Greek government cancels plans for referendum on European Union bailout plan
As the markets teetered and with European leaders telling Greece to take it or leave it — literally — Greece has called off plans for a popular referendum on the European Union bailout plan, agreed to last month.
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After teetering on the brink of collapse for a couple of days, the Greek government has pulled back from its plan to put the European Union bailout plan to a popular referendum, The New York Times reported.
Prime Minister George A. Papandreou, facing calls for his resignation, had gambled and tried to avoid a no-confidence vote in Parliament by taking the bailout plan, which would provide the Greek government with access to cash and cut the value of its debit in half, to the people. There have been howls of protests throughout Greece that the country would be better off by defaulting on its debt, rather than live with the austerity measures the bailout plan calls for, the Times said.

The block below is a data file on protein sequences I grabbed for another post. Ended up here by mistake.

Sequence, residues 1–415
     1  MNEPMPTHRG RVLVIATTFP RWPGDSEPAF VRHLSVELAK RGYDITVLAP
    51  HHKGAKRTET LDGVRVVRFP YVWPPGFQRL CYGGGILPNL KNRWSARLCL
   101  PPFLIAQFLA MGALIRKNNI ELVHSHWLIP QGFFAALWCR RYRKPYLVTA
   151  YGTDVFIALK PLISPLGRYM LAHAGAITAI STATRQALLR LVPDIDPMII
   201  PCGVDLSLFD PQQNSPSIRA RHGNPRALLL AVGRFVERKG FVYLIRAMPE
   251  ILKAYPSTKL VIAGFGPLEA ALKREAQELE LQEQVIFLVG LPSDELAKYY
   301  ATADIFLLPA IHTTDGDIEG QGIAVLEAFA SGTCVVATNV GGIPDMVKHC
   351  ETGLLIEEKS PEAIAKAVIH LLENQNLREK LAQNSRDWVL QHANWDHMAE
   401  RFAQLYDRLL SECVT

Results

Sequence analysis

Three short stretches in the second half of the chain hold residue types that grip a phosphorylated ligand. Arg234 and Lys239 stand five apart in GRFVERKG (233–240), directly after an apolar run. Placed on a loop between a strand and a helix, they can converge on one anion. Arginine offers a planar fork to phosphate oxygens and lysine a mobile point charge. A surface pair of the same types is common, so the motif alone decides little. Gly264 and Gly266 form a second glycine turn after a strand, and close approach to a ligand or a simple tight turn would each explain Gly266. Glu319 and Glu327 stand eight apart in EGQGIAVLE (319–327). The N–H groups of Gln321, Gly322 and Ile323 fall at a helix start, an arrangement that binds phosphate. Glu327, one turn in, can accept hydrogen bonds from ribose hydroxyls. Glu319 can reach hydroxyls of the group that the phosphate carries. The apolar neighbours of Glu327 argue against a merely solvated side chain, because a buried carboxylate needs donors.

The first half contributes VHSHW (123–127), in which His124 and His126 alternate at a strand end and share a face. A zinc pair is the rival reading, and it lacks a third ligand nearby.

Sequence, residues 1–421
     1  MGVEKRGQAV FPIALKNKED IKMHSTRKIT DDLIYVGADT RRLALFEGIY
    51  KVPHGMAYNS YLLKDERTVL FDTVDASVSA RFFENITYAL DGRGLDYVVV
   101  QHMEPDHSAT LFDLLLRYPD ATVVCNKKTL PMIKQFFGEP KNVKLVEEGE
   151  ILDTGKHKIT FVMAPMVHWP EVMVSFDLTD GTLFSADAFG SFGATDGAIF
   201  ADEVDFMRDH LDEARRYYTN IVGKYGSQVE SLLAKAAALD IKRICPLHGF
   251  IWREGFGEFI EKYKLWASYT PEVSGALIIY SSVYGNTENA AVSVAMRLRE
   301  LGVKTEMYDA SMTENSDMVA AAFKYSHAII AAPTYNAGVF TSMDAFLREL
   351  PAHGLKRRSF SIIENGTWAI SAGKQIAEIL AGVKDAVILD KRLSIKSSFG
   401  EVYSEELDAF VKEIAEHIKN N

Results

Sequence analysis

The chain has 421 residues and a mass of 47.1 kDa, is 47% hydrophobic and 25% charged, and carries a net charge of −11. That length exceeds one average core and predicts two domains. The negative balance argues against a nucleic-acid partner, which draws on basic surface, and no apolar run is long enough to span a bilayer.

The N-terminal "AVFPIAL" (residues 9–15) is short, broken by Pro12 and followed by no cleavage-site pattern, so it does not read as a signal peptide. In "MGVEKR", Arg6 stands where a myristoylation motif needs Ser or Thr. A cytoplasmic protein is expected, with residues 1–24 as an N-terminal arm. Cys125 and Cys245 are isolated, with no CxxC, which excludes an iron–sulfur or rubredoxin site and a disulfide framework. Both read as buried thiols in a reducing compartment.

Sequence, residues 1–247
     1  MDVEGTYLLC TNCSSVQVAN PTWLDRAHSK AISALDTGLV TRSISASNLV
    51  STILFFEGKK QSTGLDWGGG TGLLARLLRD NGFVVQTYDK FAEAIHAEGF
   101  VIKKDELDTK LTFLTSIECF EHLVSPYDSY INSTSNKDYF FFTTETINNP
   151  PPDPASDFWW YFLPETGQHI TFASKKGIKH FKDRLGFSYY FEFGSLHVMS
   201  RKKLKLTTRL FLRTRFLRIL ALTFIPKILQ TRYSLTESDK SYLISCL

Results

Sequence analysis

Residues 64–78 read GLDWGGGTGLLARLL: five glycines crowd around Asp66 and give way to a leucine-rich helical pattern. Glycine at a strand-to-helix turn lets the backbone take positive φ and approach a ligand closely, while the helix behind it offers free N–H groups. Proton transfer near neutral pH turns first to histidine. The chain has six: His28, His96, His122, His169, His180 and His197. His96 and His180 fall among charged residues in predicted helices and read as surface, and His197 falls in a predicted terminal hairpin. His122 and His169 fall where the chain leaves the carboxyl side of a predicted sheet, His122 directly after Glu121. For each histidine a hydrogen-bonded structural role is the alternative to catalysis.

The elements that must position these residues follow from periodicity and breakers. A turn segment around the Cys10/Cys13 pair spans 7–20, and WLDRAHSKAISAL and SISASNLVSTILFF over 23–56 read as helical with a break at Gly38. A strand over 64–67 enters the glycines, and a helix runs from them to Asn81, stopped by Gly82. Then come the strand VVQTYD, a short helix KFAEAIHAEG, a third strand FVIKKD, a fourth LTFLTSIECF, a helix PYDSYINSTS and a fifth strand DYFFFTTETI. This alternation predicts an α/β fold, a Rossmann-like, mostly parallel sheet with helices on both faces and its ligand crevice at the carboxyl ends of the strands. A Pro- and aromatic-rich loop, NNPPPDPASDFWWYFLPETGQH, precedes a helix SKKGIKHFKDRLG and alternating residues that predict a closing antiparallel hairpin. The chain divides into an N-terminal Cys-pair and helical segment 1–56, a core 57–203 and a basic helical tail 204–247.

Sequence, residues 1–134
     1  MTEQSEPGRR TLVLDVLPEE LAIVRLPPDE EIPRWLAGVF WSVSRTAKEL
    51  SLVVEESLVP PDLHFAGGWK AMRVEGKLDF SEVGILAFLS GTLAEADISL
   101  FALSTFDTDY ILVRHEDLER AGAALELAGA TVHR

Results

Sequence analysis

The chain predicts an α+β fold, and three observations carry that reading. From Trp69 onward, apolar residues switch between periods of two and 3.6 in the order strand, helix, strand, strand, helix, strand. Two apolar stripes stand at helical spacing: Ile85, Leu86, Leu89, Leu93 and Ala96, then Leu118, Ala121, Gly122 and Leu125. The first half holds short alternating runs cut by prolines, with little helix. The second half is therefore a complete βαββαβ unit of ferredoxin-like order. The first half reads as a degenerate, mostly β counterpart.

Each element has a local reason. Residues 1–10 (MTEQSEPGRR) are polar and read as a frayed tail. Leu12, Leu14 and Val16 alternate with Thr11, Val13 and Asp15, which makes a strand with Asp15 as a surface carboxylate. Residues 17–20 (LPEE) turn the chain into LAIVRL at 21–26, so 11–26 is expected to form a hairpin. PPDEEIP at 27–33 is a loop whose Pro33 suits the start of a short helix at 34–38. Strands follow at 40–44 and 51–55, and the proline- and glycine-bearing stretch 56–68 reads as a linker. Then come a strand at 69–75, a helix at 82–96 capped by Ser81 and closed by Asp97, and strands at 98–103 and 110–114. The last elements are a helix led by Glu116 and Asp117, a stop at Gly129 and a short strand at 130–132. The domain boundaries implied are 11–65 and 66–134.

When Papandreou announced the referendum, it sent shockwaves through the stock market and through governments in Europe. French President Nicholas Sarkozy and German Chancellor Angela Merkel both demanded Greece approve the Oct. 26 bailout plan — or face being kicked out of the European Union.
“The question was never about the referendum but about whether or not we are prepared to approve the decisions on Oct. 26,” he said to the Times.
According to the BBC, the strong statement by France and Germany may have shocked the Greek political class sufficiently that it will no longer object to the bailout plan.
But whether Papandreou, whose party holds the slimmest of margins in Parliament, can surive the chaos and disagreements among elected officials remains to be seen.
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